ICASA’s quick spectrum release
ICASA’s quick spectrum release in response to the COVID-19 pandemic should be the new normal.
The COVID-19 pandemic short-circuited the traditional policy and regulatory frameworks, and allocated high demand spectrum within 10 days, after an unsuccessful 14 year process (2006-2020).
The spike in broadband demand, as a result of the COVID-19 pandemic, prompted ICASA to release high demand spectrum with the objectives to ease network congestion, lower the price of access and ensure quality of service. A total of 35 applications were received in response to ICASA’s invitation to apply, issued on the 6th of April. On the 17th of April, ICASA released the spectrum in the 700/800Mhz, 2300MHz, 2600MHz and 3500MHz bands to Vodacom, MTN, Telkom, Cell C, Liquid and RAIN.
More spectrum for an operator means that more data can be sold per site, improving data speed and providing the opportunity for lower end-user prices. The opportunity cost of the failure to release high demand spectrum over past 14 years becomes obvious given the benefits that materialise as a result of this emergency spectrum allocation.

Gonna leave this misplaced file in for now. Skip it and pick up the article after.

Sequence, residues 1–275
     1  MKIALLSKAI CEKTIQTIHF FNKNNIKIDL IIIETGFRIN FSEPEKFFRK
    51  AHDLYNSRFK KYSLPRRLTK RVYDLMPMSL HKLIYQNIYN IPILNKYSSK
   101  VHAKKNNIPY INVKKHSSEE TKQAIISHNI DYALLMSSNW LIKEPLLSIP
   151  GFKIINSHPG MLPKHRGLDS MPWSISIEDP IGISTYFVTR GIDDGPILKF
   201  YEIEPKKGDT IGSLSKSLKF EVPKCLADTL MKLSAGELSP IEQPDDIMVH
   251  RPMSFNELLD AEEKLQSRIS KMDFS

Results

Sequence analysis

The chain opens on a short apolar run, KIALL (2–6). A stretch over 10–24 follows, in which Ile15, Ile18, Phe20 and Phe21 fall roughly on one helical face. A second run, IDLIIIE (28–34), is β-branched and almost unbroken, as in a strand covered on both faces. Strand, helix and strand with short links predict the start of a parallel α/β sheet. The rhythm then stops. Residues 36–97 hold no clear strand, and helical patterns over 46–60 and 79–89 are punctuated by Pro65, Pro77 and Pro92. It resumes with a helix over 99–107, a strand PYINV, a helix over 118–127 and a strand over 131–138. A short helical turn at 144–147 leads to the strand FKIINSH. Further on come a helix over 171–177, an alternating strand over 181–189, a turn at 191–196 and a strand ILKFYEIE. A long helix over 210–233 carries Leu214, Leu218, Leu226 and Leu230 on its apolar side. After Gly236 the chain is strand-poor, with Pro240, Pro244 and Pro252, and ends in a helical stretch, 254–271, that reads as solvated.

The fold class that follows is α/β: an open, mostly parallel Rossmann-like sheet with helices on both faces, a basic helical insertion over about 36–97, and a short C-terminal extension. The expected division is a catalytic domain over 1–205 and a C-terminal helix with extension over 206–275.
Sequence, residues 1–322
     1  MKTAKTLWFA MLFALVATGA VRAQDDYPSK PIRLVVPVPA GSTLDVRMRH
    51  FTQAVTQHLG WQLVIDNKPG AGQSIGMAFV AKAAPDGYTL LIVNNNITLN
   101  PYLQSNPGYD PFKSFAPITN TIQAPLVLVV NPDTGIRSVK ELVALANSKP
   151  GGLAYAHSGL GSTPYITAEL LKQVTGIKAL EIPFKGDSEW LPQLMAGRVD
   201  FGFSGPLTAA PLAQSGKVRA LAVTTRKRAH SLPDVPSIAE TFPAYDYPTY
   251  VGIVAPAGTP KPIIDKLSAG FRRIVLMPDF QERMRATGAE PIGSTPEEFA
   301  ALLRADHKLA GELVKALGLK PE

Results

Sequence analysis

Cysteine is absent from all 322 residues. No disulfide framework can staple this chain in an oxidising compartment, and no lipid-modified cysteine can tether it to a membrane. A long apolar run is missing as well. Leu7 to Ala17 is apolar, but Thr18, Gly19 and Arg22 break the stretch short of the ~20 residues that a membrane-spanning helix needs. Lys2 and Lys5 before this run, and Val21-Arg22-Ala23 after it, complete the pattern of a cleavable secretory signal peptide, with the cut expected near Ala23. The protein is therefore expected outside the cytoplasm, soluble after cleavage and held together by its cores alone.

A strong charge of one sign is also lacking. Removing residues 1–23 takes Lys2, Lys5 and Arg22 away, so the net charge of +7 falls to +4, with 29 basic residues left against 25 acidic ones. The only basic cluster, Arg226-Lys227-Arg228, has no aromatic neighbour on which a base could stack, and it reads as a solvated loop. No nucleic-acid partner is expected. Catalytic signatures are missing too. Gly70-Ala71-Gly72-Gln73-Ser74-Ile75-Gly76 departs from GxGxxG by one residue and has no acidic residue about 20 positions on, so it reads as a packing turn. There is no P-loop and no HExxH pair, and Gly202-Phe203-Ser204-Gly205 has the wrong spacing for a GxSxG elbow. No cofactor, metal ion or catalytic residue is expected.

One of the reasons why spectrum has taken so long to be allocated in South Africa is because of confusion between (and amongst) policymakers and the regulator. There are too many objectives that need to be met: coverage, black economic empowerment, affordability, representation for people with disabilities, gender balance. Many of these objectives require compromise. Increasing coverage sacrifices affordability. BEE compromises affordability. Representation for minority groups compromises affordability. The COVID-19 pandemic provided, for the first time, absolute clarity for both policymakers and government. How can spectrum allow operators to provide better and cheaper services? And the results are stunning. High demand spectrum allocated to 6 operators in just over 10 days. With the impact of efficient spectrum allocation for everyone to see, what is the way forward?
Spectrum allocation needs to be fair, efficient and swift. It needs to be free of political interference, similar to central banks. A separate agency for spectrum management, with the guiding principles of spectrum efficiency and fair competition, may be a solution for South Africa.
The COVID-19 response shows what clarity of purpose is like. This should be the new normal. Regulatory processes should be re-designed around the core function of an ICT regulator with administrative effect at its core. The crisis demonstrated what can be done when policymakers and regulators unite behind the same objective. That should have been the case for the past 14 years and needs to remain the case going forward.